• DIY Community Gardening with Brock DIG (a campus community garden) (Fri., 1 p.m.)
  • Sharing My Treaty at Niagara Wampum Bundle – A Traditional Teaching, with Dr. Lynn Gehl (Fri., 2:45 p.m.)
  • Beyond Extraction – How Will We Greet the Future? With MiningWatch Canada (Fri., 4:30 p.m.)

Also included is a “People’s University” with workshops on topics such as poverty, capitalism and pipelines; Assemblies on Indigenous solidarity, water, social economy, climate change, mining justice and more; a children’s forum; and a range of other events.

Following an Algonquin ceremony at sunrise on Thursday, Aug. 21, the Forum launches with a Unity March on Thursday, Aug. 21, starting at 2 p.m. at Jacques Cartier Park and the War Museum, arriving on Parliament Hill around 4 p.m. with speakers, music and cultural activities.

There are lots of associated activities that are open to anyone to attend. The Art Sparks Change Festival is happening along Sparks Street, with live music, art and performance (see the schedule here). Some highlights: The Winter We Danced concert, book launch and round-dancing on Thurs. at 7 p.m.; a “Breaking Good” break dancer jam on Fri. 12-2 p.m.; “Poetic Justice” spoken word, hip-hop and slam poetry on Fri. 6-10 p.m.; and a Traditional Pow-Wow on Saturday from noon-6 p.m.

Events at other venues include (for example): “A celebration of activism and independent media” on Thurs., 5 p.m. at 25One Community; “Material Witness: Art, Activism & Fibre” on Fri., 7 p.m. at Gallery 101; Asinabka Best Of 2014 and “Upping The Anti” journal Launch Party on Sat., 7 p.m. at Club SAW; an open stage on Sun., 7 p.m. at Celtic Cross Pub; and tons of music, poetry, performance art, film and video, art exhibits and more. Many of the events are free or pay-what-you-can.

I also recommend checking out the themed walking tours of downtown Ottawa on topics such as money, labour and local food solutions, led by Ottawa (de)Tours and on Indigenous social, political, cultural and artistic spaces, led by Indigenous Walks.

Running such a huge, multifaceted and diverse gathering that aims to give everyone a voice while respecting differences will be challenging, but the Peoples’ Social Forum holds much potential. Sharing of good ideas, respect for Indigenous lands and rights, action towards positive social, political and environmental change and continued collaboration after the Forum are some of the possible positive outcomes. Above all, it’s a place to meet people, listen to perspectives that aren’t heard often enough and learn about and negotiate creative paths forward.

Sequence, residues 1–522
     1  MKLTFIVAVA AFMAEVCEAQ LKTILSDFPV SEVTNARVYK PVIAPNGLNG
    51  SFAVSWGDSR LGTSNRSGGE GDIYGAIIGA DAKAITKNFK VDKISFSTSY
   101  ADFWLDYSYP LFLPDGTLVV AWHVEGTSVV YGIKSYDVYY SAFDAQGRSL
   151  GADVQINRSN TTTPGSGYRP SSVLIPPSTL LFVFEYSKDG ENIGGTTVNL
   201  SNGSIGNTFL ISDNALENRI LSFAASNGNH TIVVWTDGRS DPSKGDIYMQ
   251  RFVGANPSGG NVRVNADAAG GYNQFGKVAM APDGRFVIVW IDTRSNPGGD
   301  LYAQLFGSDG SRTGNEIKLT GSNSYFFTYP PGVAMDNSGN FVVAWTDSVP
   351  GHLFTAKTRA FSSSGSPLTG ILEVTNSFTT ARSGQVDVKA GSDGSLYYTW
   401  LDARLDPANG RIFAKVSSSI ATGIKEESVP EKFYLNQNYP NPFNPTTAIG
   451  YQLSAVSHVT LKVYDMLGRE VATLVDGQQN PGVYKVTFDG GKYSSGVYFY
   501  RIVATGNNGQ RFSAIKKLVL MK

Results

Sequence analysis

You can download the full program, find out more and get registration information at http://www.peoplessocialforum.org/home/. Follow on Twitter at #PSF2014 and @forumsocial2014. Some events will be livestreamed at http://www.livestream.com/rabbletv.


Written by Denise Deby.

Ottawa and the River from Gatineau Park - D. Deby

Two events this weekend are a reminder of how we are a part of nature and how much we need to be a part of protecting the environment on which we depend.

On Saturday, Aug. 16, the Ottawa Riverkeeper hosts Ottawa’s first Interprovincial Swim between Parc des Cèdres, Aylmer/Gatineau and the Lac Deschenes Sailing Club in Ottawa.

Ottawa Riverkeeper, in partnership with Swim Ottawa, organized the 4 km, 2-hour swim to highlight the need for governments and agencies on both sides of the Ottawa River to collaborate in keeping the river healthy. (The Ottawa River falls under the jurisdiction of two provinces, four conservation authorities, several provincial and federal agencies and over a hundred municipalities over its 1,271 km length.)